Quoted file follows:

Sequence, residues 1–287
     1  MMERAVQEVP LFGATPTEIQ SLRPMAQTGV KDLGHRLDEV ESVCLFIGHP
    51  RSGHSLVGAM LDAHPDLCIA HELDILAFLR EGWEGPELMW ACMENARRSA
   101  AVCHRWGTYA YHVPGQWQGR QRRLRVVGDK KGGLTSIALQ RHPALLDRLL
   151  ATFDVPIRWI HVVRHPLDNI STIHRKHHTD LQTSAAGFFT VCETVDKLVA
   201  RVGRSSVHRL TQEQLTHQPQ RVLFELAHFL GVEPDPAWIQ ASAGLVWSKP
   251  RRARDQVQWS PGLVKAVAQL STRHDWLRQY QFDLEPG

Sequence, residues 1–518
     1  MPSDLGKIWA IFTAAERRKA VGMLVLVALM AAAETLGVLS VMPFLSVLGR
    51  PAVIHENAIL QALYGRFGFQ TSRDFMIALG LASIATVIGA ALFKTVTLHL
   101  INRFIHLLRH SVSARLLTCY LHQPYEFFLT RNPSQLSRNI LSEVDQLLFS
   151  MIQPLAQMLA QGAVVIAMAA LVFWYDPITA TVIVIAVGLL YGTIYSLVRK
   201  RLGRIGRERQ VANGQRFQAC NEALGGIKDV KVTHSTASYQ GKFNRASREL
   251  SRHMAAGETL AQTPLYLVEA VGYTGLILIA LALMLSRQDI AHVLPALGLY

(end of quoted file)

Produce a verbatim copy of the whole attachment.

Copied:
Sequence, residues 1–287
     1  MMERAVQEVP LFGATPTEIQ SLRPMAQTGV KDLGHRLDEV ESVCLFIGHP
    51  RSGHSLVGAM LDAHPDLCIA HELDILAFLR EGWEGPELMW ACMENARRSA
   101  AVCHRWGTYA YHVPGQWQGR QRRLRVVGDK KGGLTSIALQ RHPALLDRLL
   151  ATFDVPIRWI HVVRHPLDNI STIHRKHHTD LQTSAAGFFT VCETVDKLVA
   201  RVGRSSVHRL TQEQLTHQPQ RVLFELAHFL GVEPDPAWIQ ASAGLVWSKP
   251  RRARDQVQWS PGLVKAVAQL STRHDWLRQY QFDLEPG

Sequence, residues 1–518
     1  MPSDLGKIWA IFTAAERRKA VGMLVLVALM AAAETLGVLS VMPFLSVLGR
    51  PAVIHENAIL QALYGRFGFQ TSRDFMIALG LASIATVIGA ALFKTVTLHL
   101  INRFIHLLRH SVSARLLTCY LHQPYEFFLT RNPSQLSRNI LSEVDQLLFS
   151  MIQPLAQMLA QGAVVIAMAA LVFWYDPITA TVIVIAVGLL YGTIYSLVRK
   201  RLGRIGRERQ VANGQRFQAC NEALGGIKDV KVTHSTASYQ GKFNRASREL
   251  SRHMAAGETL AQTPLYLVEA VGYTGLILIA LALMLSRQDI AHVLPALGLY